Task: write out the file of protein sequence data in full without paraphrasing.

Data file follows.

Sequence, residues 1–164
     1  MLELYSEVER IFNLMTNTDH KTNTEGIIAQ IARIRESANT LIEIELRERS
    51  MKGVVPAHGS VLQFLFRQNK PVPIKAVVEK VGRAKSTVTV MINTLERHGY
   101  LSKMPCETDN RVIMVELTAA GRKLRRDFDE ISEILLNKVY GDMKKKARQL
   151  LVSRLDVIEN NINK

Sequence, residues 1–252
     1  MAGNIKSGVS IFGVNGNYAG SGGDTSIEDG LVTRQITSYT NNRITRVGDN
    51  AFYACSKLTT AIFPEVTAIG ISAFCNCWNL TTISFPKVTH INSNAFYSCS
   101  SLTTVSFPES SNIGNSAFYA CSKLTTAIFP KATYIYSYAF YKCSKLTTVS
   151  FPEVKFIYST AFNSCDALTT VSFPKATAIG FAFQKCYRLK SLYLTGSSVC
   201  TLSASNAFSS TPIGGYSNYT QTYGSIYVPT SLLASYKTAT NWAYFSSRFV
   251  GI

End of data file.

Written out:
Sequence, residues 1–164
     1  MLELYSEVER IFNLMTNTDH KTNTEGIIAQ IARIRESANT LIEIELRERS
    51  MKGVVPAHGS VLQFLFRQNK PVPIKAVVEK VGRAKSTVTV MINTLERHGY
   101  LSKMPCETDN RVIMVELTAA GRKLRRDFDE ISEILLNKVY GDMKKKARQL
   151  LVSRLDVIEN NINK

Sequence, residues 1–252
     1  MAGNIKSGVS IFGVNGNYAG SGGDTSIEDG LVTRQITSYT NNRITRVGDN
    51  AFYACSKLTT AIFPEVTAIG ISAFCNCWNL TTISFPKVTH INSNAFYSCS
   101  SLTTVSFPES SNIGNSAFYA CSKLTTAIFP KATYIYSYAF YKCSKLTTVS
   151  FPEVKFIYST AFNSCDALTT VSFPKATAIG FAFQKCYRLK SLYLTGSSVC
   201  TLSASNAFSS TPIGGYSNYT QTYGSIYVPT SLLASYKTAT NWAYFSSRFV
   251  GI